The Supplement Industry Isn’t Honest. That statement is not a jab at AST, but it is true about the industry as a whole. That should be enough reason to raise an eyebrow and question Max OT’s validity.
The “Official” Protocol is Officially Flawed. You can find the official Max OT protocol if you sign up on the AST website. However, the information isn’t completely accurate and can be misleading in parts.
You Do NOT Have to Follow It “to the Letter.” If you read through the AST’s information for the Max OT program, you will find that they always stress the need to follow the program “to a T.” Yes, it is important to follow the general guidelines. However, you can change certain things as outlined in the rest of this page.
Don’t Fall Prey to the Dogma. As I go through the program outline and review, I will point out aspects of the program philosophy that you should ignore. You can pretty much put your hands over your ears whenever you see Max OT’s claims of being “the best…” or “the only….” Nothing is an absolute in the realm of weight lifting routines (except this sentence).
Be Wary of Pseudo-Science. AST comes off as trying to sound smart by using lots of big/scientific words when it is completely unnecessary. This is usually a sign that someone either doesn’t know what they’re talking about or is trying to trick you about something. Take their advice with a grain of salt.
Ignore the Diet Recommendation. Simply put, the diet information is completely worthless and is only given as a way to get you to buy supplements from them.
But…Do Give It a Chance. The program, as a whole, does have plenty of merit. Just take it for what it is and don’t fall prey to the dogma. It is not the ultimate program. Rather, it is just one of many effective training methodologies that will produce some great results if you’re a good candidate.
Now, with that out of the way, let’s move on to learning about the actual program and training principles…
The Seven Principles.These are the rules behind the Max OT training methodology. I like how they are very straightforward because it makes it easier to create a customized routine that doesn’t deviate from the intended workout structure. Below are all seven rules, at a glance:
Limit each workout session to 30-40 minutes.
Work 1-2 muscle groups per session.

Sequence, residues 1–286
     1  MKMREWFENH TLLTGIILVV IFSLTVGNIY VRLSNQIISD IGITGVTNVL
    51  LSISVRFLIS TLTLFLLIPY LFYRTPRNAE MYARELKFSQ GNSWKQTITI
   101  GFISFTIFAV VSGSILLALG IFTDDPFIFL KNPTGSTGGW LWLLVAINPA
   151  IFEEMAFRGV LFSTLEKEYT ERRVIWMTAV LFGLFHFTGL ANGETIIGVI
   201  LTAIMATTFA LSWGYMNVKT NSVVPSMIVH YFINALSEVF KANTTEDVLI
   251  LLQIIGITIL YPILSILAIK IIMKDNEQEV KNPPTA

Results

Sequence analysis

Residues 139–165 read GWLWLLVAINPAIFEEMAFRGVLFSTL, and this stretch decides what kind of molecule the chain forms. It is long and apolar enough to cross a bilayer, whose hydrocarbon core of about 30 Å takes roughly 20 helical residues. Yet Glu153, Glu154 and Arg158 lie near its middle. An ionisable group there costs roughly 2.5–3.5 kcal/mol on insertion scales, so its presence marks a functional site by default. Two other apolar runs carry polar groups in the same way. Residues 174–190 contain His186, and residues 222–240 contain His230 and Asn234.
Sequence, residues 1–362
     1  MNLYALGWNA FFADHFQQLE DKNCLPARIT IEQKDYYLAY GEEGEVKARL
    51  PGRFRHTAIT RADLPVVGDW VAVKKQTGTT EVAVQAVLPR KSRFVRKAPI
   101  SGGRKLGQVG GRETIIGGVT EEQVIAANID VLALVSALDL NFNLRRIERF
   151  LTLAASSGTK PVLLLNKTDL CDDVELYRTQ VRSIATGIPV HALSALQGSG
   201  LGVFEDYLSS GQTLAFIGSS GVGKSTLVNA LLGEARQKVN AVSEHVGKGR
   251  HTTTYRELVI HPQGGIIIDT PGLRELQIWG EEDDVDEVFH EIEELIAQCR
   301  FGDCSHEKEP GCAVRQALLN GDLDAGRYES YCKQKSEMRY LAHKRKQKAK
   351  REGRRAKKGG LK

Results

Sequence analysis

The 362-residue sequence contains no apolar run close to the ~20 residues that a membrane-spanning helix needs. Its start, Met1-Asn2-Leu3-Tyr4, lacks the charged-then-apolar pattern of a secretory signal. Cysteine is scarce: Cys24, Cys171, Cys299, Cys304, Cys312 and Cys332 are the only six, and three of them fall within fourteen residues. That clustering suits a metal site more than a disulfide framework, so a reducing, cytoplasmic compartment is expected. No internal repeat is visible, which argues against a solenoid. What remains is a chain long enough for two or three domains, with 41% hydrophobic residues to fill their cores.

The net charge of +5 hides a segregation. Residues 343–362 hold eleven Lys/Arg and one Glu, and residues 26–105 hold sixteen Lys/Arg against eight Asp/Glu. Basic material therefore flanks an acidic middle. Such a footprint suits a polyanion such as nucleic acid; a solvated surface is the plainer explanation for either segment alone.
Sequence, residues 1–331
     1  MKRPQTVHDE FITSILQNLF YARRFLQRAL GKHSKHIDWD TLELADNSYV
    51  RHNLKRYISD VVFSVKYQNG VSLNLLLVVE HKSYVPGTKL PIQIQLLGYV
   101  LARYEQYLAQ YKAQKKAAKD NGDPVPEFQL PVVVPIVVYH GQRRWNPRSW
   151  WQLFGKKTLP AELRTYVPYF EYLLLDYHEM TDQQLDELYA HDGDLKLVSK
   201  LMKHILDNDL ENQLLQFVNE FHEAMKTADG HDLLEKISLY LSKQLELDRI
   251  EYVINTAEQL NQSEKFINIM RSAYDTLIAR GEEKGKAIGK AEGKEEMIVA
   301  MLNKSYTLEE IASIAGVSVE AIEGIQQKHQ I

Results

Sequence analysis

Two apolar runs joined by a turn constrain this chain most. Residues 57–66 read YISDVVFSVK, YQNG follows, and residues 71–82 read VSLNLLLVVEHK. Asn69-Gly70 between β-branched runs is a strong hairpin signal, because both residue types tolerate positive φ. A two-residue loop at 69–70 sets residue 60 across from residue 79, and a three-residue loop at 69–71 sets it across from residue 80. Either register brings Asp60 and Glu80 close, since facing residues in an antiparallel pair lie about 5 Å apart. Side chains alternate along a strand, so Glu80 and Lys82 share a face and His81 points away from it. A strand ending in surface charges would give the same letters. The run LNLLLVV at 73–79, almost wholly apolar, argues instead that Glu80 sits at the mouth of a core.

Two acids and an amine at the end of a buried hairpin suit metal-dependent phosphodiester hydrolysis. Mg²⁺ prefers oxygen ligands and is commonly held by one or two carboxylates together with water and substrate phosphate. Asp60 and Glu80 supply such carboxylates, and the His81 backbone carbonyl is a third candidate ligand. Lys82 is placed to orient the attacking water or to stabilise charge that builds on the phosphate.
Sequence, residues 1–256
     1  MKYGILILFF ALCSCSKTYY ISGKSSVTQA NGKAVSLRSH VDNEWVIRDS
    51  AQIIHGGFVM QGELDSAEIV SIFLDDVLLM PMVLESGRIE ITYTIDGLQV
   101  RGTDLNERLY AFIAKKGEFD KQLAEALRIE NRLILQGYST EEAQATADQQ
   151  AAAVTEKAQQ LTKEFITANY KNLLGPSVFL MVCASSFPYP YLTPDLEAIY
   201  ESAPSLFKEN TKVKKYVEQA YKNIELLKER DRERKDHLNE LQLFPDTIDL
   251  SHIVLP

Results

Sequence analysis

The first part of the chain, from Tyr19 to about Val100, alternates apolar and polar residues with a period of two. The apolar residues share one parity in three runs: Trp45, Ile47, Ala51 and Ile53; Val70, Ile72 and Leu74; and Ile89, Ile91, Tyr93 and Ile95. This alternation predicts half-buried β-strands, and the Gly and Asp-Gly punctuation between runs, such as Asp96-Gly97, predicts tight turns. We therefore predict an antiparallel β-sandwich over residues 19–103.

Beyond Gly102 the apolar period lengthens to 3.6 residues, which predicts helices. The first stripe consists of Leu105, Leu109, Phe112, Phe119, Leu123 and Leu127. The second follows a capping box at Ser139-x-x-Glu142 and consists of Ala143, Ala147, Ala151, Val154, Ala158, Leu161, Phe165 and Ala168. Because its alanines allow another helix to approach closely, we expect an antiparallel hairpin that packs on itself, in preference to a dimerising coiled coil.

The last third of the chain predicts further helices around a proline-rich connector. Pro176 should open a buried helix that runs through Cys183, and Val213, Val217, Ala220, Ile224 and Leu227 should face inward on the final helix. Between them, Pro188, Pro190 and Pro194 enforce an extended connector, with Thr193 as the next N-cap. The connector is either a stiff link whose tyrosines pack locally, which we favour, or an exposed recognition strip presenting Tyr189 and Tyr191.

Perform 6-9 total heavy sets per muscle group.
Perform 4-6 reps (to concentric failure) per set for (almost) every exercise.
Take 2-3 minutes to rest after each set.
Allow 5-7 days of rest before working the same muscle group.
Take 1 full week off after every 8-10 weeks of training.
1. Limit each workout session to 30-40 minutes
The idea is to get in the gym, focus on lifting hard, and get out. You will be lifting at relatively high “load intensity” (percent of 1 rep max), but you need to go all out in terms of “effort intensity” (going balls to the wall).
Although you should never be pussy-footing around during any workout routine, it is especially important to stay on task with the Max OT workout.
Note: The 30-40 minutes should really just be a guideline. Even some of the official sample routines created by AST are impossible to do in such a short period. However, it’s a good range to aim for, but don’t freak out if you go 10 minutes over for some workouts.
2. Work 1-2 muscle groups per session
The reason behind this rule is that, as stated in the first rule, you want each workout to (ideally) be 30-40 minutes.
Also, by limiting the number of muscle groups worked each session, you:
Avoid becoming mentally drained.
Avoid having performance drop-off towards the end of your routine.
Avoid overworking certain muscle groups because of “exercise overlap” (i.e., using exercises for one muscle group, which indirectly hit another muscle group that you already hit directly).
The above points apply to Max OT (as opposed to other programs) because the workouts involve using high load intensity, combined with training to failure on every set.
It’s important to note that you can break rule number 2 in certain situations. That is, it’s okay to work 3 muscle groups in one workout if 1 or more of the muscle groups worked are “minor” muscle groups (e.g., calves, forearms, traps, abs). For example, a workout session including calves/forearms/traps or biceps/triceps/abs, etc. are okay.
3. Perform 6-9 total heavy sets per muscle group
As the name suggests, Max OT is all about maximum overload of muscles. That’s a fancy way of saying that the goal of each workout is to induce strength and size gains by demolishing the given muscle group in a single session per week.